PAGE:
Summer 2024

Alison Gibson earns Olympic diving spot over best friend Krysta Palmer: 'All glory to God'

Three worthy divers, two available spots.

That was the scenario on Saturday at the U.S. Olympic Diving Team Trials between Sarah Bacon, Alison Gibson and Krysta Palmer in the women’s individual 3-meter springboard final, with a trip to the 2024 Olympics in Paris on the line.

>> Subscribe to Sports Spectrum Magazine for more stories where sports and faith connect <<

The three divers had separated themselves from the rest of their fellow Americans yet were neck-and-neck with each other. After the pressure-packed 10th and final round of dives, Bacon had a secured the top spot while Gibson grabbed the second, leaving Palmer an individual bronze medalist in the Tokyo Olympics, one of the best divers in the world, and Gibson’s best friend off of this year’s Olympic team.

Gibson and Palmer shared a heartfelt embrace after the official scores came in.

“First and foremost, I want to say all glory to God,” Gibson told NBC in the emotional moments after her dive, while Palmer smiled and pointed upward.

“I said, ‘You deserve this,'” Palmer said about her message to her friend. “She’s worked so hard and she’s just such an incredible athlete.”

Palmer then turned to Gibson: “I have learned so much from you. To see you grow and see you mature over the last three years is remarkable. Not only do I see it, but everybody else sees it on this pool deck.

“Gosh, I’m just so proud. I feel nothing but joy for you qualifying, and I know that you’re gonna go kick some booty and have some fun out there because that’s what we do best.”

Gibson and Palmer, both of whom had to fight back tears during the poolside interview, are not only best friends but longtime synchronized diving partners as well.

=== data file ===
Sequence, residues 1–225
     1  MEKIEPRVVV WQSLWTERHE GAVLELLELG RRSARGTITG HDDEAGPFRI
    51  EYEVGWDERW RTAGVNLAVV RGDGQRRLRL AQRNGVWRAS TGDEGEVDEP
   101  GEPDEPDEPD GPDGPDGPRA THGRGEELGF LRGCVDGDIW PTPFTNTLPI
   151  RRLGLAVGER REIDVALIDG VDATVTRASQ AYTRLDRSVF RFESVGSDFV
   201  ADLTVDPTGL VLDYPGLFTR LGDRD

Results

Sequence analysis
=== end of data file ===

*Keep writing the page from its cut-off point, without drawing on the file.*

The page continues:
The pair represented the United States at the Tokyo Olympics in the 3-meter synchro event but failed to medal. After disappointment with her Olympic experience, Gibson (who had just turned 22 at the time) retired from diving to focus on a career in brand strategy and marketing.

That is until Palmer, who turned 32 two weeks ago, convinced her to come out of retirement last summer to make a push for Paris, after a lot of prayer from both sides. Palmer and Gibson were unable to qualify for the U.S. in the 2024 synchro competition last week, which had been their goal all along. Still, Gibson will be headed to Paris for her second Olympics, and she knows her friend was essential to making it happen.

“I would not be here without Krysta,” Gibson said in the interview with NBC. “I would not be here. She called me last June and she said, ‘I want you to come back.’ Without that call and without her prayers and without the support of everyone, I would not be standing here today. This girl right here is amazing!”

According to, Gibson had more words of admiration for Palmer. “I would not be standing here today if it wasn’t for her. She has played an essential role in helping me grow as a person, as a competitor, as a friend,” she said. “So much credit to her. This success is her success as well.”